The first thing you need to know about a Douchebag is that the word “Douchebags” appears nowhere on the bag itself. Trust me, I looked, fearing giggled mockeries on the San Francisco Muni. The most you’ll find is a sleek “Db” logo peeking out from no less than six spots across the bag, along with a massive 2.5-inch monogram that hugs the small of your back when it’s worn. True, it looks a little like the “Op” logo that dominated T-shirts in the early ‘90s. Did those count as “douchey?” That’s something you’ll have to decide.
A douchebag and a scholar
For my money, though, this is a bag that has no right calling itself a “douchebag.” That’s not the case with some of the company’s other bags, admittedly, as it sometimes embraces style over substance. The Scholar, though, is practically understated; its only flamboyance being a bright crimson shining from one of the main front straps and the nylon zipper toggles. (Earlier models don’t even have that.) It’s so rectangular it’s almost square. The very name defies expectations. With a brand name like “Douchebags,” a name like “The Nerd” likely isn’t too far from the realms of possibility.
Here’s the big plus: Yes, there’s a nice, comfy pouch inside for holding our MacBooks or MacBook Pros (or even our 12.9-inch iPads). In fact, it fits the 15-inch MacBook Pro so well—even with a case!—that I suspect the whole bag was designed around it. This initially surprised me, as the bag’s 10.8-inch by 15.7-inch dimensions don’t look all that big from the outside. That, of course, means that you shouldn’t try to stuff anything larger in there, but I’m happy to report that it’s padded well enough that ordinary bumps shouldn’t hurt your devices.
Almost everything else goes inside the four-gallon main compartment, aside from a top zippered pouch that’s big enough to hold a Moleskine pocket notebook and some AirPods (and which sometimes makes removing a MacBook from the sleeve a tiny hassle if it’s too full). There’s also a slightly larger zippered compartment in the front that’s capable of holding larger items like a MacBook Pro charger and a small book, but that’s about where the extra storage space ends.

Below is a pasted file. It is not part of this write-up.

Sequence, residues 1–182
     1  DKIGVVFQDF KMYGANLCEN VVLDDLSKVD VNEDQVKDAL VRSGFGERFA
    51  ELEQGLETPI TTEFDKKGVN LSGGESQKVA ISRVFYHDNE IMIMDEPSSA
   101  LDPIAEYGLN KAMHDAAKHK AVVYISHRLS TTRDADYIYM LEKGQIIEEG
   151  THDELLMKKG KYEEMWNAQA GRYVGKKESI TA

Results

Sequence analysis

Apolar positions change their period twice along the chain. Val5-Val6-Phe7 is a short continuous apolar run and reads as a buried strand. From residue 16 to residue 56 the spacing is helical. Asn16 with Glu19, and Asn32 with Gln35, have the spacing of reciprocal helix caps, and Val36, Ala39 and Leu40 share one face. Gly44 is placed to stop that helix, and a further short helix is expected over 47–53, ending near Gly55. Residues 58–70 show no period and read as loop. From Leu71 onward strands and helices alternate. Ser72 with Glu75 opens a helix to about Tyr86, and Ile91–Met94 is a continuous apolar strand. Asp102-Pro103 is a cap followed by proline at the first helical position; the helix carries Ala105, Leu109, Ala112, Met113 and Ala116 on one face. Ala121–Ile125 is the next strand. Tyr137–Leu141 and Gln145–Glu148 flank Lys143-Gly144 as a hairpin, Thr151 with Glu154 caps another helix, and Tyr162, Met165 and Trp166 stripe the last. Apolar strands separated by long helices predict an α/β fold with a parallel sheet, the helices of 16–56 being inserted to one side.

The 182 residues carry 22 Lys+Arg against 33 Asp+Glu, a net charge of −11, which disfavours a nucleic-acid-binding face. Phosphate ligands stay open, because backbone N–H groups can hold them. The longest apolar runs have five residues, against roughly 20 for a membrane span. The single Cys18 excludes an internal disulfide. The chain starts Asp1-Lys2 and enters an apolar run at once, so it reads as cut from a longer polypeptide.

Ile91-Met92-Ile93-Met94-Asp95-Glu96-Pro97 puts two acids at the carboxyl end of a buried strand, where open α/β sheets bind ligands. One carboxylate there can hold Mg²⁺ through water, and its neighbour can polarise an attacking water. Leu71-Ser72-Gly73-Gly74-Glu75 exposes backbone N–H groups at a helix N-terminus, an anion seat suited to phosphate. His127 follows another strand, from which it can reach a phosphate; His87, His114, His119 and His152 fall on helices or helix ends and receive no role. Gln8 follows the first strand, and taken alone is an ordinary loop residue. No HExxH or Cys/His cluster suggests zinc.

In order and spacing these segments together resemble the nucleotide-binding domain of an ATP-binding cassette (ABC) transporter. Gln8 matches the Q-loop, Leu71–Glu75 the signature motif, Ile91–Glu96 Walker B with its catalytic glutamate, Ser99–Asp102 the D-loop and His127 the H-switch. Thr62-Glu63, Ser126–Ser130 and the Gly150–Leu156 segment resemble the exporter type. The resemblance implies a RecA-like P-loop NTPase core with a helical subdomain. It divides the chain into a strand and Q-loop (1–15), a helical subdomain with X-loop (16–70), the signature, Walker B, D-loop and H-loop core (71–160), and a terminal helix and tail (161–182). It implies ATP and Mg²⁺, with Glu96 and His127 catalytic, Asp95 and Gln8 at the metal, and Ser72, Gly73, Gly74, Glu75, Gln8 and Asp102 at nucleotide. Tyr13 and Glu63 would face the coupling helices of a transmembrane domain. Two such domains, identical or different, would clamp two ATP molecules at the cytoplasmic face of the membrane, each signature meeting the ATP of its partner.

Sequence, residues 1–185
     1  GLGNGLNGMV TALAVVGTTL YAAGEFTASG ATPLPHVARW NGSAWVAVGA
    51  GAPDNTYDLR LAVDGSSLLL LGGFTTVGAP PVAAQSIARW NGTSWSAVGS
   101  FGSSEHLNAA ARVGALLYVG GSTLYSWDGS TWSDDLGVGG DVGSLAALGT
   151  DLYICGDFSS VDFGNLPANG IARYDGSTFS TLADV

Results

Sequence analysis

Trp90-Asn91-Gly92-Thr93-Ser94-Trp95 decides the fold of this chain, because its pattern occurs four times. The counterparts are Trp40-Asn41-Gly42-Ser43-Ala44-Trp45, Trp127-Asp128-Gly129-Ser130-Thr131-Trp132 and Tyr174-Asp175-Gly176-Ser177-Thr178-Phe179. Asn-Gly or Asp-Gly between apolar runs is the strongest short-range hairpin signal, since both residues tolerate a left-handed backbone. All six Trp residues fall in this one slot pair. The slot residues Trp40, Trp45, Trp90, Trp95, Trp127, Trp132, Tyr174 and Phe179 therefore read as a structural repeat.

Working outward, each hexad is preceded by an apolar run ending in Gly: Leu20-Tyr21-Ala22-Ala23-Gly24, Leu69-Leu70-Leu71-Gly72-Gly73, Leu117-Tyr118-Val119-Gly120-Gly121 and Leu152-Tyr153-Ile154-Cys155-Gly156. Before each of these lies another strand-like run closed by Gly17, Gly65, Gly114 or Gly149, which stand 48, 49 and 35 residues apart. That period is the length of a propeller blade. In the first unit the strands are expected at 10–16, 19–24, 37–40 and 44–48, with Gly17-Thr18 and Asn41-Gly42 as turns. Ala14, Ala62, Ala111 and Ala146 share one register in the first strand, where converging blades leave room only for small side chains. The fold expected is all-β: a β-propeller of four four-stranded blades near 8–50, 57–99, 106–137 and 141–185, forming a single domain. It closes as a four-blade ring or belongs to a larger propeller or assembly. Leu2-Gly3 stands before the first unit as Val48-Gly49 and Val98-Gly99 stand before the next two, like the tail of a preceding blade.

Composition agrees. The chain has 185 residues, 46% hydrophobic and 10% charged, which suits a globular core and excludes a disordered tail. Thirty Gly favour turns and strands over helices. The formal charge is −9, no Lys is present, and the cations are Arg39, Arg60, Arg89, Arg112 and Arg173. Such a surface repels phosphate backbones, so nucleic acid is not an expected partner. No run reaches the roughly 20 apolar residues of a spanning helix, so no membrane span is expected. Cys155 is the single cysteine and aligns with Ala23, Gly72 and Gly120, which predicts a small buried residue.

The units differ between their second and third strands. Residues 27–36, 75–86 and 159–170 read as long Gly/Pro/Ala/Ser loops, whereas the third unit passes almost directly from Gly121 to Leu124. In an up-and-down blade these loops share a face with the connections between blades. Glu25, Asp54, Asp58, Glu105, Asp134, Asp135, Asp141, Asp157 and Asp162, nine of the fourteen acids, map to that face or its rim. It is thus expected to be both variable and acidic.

Throw your weight around
I initially worried about stuffing it too enthusiastically. The exterior is clad in polyurethane leather (which looks better than it feels), but even with that it only weighs in at a mere 1.65 pounds. If we found the
Saddleback Slim Front Pocket Backpack a tad too heavy, this one’s a featherweight. For that matter, I worried that I’d quickly start seeing those ugly white scuffs you often see with PU leather, but fortunately that hasn’t been the case.
It’s tougher than it looks. In fact, I often forget how much I have stashed in it. Somehow the bag with the silly name is a marvel of weight distribution. It practically disappears.
This hit me like a revelation when I sat down at a coffee shop thinking I’d left my water bottle and battery pack at home because I didn’t “feel” their way pulling on my back. But no, there they were, along with a pair of headphones I had no memory of packing. Most of my worries about the Douchebag Scholar died in that moment.
For strapping lads (and lassies)
Douchebags would have you believe that the options above aren’t your limits for storing items, but they’re stretching it. Somewhat literally, too. A pair of inch-wide adjustable straps reach across The Scholar’s face, each 9.5 inches apart, with the idea being that you can use them to tether something in case of an emergency. Okay, sure. I tried it with a rolled-up hoodie. It works fine.
But Douchebags’ marketing talks about slapping skateboards inside the roughly 10-inch space, and well…no. I couldn’t summon the courage to try it. The straps aren’t garbage and they’re held in place by metal fasteners, but it doesn’t take great leaps of the imagination to envision the skateboard ripping from the PU leather and slamming on the toes of a nice old lady behind me on the subway. And then, my friend, wouldn’t you feel like a douchebag in that moment? I thought so.
But by all means, take it on the train. (It’s up to you if you want to being the skateboard.) I love that the depth of a mere five inches keeps the Scholar close to your back, which ensures other passengers won’t think I’m a jerk for taking up too much room on a crowded San Francisco streetcar. Other people will barely notice it. And again, you’ll barely notice it, so impressive is the weight distribution.
So considerate. So understated. Again, it almost feels insulting to call a bag this good a “Douchebag.” If they’re out to reappropriate the term, then they’re doing a fine job of it.
Leif is a San Francisco-based tech journalist. He's a big fan of fantasy RPGs, and you can find his previous work on IGN, Rolling Stone, VICE, PC Gamer, Playboy, Mac|Life, TechRadar, and numerous other publications.